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Agroecology-Based Local Agri-Food Systems
ALAS are assemblages of alternative food networks, assets and infrastructures for local (sustainable) distribution, new and emerging types of institutionality, political measures, and appropriate bottom-up institutional governance, together with the symbolic revival of place-based cultural and historical identities. These assemblages are embedded in specific territories with the aim of maximizing social and ecological sustainability, supported by food and nutritional equality and security, the relocation of metabolic flows, and the improvement of the food system's ecological efficiency. To achieve this, agroecological experiences of production, distribution and consumption must be coordinated among themselves and with other actors, linking rural and urban areas, forming a plural subject led by farmers and peasants committed to agroecology. The aim of this plural subject is to develop operative and place-based ways of de-commodify and de-privatize food systems. Its aim is to achieve economic viability, agency and access to decision-making spheres, the development of physical infrastructures, and symbolic contexts to allow ALAS to emerge as hegemonic food systems as the corporate food regime loses its legitimacy. Such a social subject is tasked with promoting these transitions, while redefining our underlying thought categories and building economic flows, beyond the dualities of urban–rural and productive–reproductive work
2. Territory, Localized Food Systems and Agroecology
The Local (territorial) Food Systems approaches examined focus, however, on monetized economic relations, and therefore overlook some relevant aspects of the socio-economic relationships unfolding outside the market. They do recognize the key role of social and cultural factors in generating symbolic and relational contexts that support the building of LAFS. However, they do not necessarily incorporate major components of the social reproduction dynamics of rural communities and the agri-food production fabric. Among others, the lack of public services in rural areas, difficulties for farm transfer and for new entrants into farming, and especially the oft-forgotten migrant labor force’s hard working and living conditions in the agricultural sector [113–116]. The absence of a gender approach in these analyses also leads to the invisibility of important processes whereby, for example, the social reproduction of rural communities is weakened due to female emigration . Finally, from the perspective of the feminist economy, inconsistencies regarding the social sustainability of food systems—including local ones—are revealed, as mentioned in the previous section, which require the re-conceptualization of the categories of work, production and local development . All these elements should be addressed when building ALAS, along with processes of reconstruction of local economies through community, place-based approaches, and beyond the logics of markets and commodification [118,119].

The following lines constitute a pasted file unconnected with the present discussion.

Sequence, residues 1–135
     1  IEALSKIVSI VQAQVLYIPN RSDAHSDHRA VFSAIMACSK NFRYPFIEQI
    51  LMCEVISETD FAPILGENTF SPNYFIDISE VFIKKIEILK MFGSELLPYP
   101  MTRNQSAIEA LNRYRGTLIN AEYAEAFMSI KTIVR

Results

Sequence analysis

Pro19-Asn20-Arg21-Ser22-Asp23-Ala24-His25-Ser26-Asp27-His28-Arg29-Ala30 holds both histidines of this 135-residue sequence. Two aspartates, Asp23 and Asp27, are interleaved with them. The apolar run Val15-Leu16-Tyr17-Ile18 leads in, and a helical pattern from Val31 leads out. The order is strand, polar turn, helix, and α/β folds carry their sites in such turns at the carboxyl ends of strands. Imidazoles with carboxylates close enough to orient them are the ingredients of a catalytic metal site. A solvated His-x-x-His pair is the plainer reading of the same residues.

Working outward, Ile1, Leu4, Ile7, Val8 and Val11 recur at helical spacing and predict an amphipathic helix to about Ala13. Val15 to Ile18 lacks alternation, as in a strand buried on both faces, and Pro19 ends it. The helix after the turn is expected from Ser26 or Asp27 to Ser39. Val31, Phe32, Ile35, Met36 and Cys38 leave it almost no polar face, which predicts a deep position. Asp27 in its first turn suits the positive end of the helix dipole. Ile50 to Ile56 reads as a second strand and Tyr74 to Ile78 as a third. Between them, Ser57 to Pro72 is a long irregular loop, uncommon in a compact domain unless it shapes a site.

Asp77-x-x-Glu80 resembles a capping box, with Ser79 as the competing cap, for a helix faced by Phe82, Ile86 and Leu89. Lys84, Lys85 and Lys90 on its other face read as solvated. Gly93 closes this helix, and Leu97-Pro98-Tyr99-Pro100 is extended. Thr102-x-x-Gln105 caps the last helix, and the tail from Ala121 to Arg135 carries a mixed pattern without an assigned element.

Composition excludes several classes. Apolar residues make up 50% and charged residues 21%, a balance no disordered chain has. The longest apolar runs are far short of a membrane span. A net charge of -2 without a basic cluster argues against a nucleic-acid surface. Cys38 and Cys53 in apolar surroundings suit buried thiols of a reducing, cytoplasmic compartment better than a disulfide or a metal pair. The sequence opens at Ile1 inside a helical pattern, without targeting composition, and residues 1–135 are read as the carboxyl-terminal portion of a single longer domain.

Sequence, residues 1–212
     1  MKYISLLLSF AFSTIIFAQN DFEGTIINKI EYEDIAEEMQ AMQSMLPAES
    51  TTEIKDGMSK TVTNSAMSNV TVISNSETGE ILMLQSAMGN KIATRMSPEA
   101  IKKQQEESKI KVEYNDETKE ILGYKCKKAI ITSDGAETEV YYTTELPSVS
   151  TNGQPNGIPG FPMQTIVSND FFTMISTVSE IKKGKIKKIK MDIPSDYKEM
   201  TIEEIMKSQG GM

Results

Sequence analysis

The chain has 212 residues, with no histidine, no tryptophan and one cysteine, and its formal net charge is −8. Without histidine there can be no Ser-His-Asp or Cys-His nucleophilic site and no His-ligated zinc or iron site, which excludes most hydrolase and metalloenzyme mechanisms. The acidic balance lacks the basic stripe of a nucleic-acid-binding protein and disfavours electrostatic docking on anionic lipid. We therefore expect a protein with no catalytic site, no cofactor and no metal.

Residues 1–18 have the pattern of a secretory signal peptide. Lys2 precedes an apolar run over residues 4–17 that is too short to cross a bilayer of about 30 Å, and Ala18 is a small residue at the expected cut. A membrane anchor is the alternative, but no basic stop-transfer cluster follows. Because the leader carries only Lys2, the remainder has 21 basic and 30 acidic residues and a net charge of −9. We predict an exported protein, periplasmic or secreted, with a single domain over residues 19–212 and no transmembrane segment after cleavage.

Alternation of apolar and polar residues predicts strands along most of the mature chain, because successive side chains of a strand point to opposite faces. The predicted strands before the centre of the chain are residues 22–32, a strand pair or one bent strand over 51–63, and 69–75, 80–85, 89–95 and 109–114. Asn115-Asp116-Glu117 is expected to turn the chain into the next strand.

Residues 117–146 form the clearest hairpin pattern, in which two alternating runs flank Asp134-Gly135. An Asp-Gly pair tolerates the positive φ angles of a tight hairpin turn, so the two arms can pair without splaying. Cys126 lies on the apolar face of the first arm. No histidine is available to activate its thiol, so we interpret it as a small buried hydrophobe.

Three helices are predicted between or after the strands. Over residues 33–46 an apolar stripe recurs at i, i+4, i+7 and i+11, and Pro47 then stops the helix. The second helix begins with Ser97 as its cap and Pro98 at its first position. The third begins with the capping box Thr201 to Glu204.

3. A Plural Social Subject to Push for Multi-Actor, Bottom-Up Governance
The construction of territorial (place-based) relationalities, convergencies, and assemblages, around new, more inclusive narratives such as “food as commons” or “repair agroecologies”, could lead to the development of broader alliances for the transformation of food systems, adapting languages to the characteristics and conditions of the different actors that are being expelled from global markets . Here is yet another field in which to develop empirical work, in order to identify drivers, levers, and transition paths adapted to the different ecologies of food actors engaged in systemic transformations in different territorial settings. The exploration of agroecology as an integrative populist movement, oriented towards liberating and repairing work and land, could be an interesting line of research in this regard .
We understand ALAS as assemblages  of alternative food networks, new and emerging types of institutionality, political measures, and appropriate bottom-up institutional governance, together with the symbolic revival of place-based cultural and historical identities. These assemblages are embedded in specific territories with the aim of maximizing social and ecological sustainability, supported by food and nutritional equality and security, the relocation of metabolic flows, and the improvement of the food system’s ecological efficiency. To achieve this, agroecological experiences of production, distribution and consumption must be coordinated among themselves and with other actors, linking rural and urban areas, forming a plural subject led by farmers and peasants committed to agroecology. The aim of this plural subject is to develop operative and place-based ways of de-commodify and de-privatize food systems. Its aim is to achieve economic viability, agency and access to decision-making spheres, the development of physical infrastructures, and symbolic contexts to allow ALAS to emerge as hegemonic food systems as the corporate food regime loses its legitimacy. Such a social subject is tasked with promoting these transitions, while redefining our underlying thought categories and building economic flows, beyond the dualities of urban–rural and productive–reproductive work.
The entry is from 10.3390/su13158443
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